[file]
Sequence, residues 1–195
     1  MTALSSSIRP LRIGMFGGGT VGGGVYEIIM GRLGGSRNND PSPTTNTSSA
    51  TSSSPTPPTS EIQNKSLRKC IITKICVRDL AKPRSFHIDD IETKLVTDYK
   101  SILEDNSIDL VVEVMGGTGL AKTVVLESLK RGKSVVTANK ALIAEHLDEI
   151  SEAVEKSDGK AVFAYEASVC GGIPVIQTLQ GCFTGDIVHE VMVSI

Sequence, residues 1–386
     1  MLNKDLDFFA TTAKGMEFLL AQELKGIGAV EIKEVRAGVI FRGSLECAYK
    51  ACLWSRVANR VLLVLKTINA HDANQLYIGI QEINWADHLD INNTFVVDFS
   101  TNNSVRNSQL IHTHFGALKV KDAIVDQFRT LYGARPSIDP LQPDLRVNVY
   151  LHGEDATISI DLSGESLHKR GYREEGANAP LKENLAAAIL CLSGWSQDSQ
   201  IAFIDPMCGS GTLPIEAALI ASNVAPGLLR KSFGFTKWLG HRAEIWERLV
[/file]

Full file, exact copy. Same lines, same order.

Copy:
Sequence, residues 1–195
     1  MTALSSSIRP LRIGMFGGGT VGGGVYEIIM GRLGGSRNND PSPTTNTSSA
    51  TSSSPTPPTS EIQNKSLRKC IITKICVRDL AKPRSFHIDD IETKLVTDYK
   101  SILEDNSIDL VVEVMGGTGL AKTVVLESLK RGKSVVTANK ALIAEHLDEI
   151  SEAVEKSDGK AVFAYEASVC GGIPVIQTLQ GCFTGDIVHE VMVSI

Sequence, residues 1–386
     1  MLNKDLDFFA TTAKGMEFLL AQELKGIGAV EIKEVRAGVI FRGSLECAYK
    51  ACLWSRVANR VLLVLKTINA HDANQLYIGI QEINWADHLD INNTFVVDFS
   101  TNNSVRNSQL IHTHFGALKV KDAIVDQFRT LYGARPSIDP LQPDLRVNVY
   151  LHGEDATISI DLSGESLHKR GYREEGANAP LKENLAAAIL CLSGWSQDSQ
   201  IAFIDPMCGS GTLPIEAALI ASNVAPGLLR KSFGFTKWLG HRAEIWERLV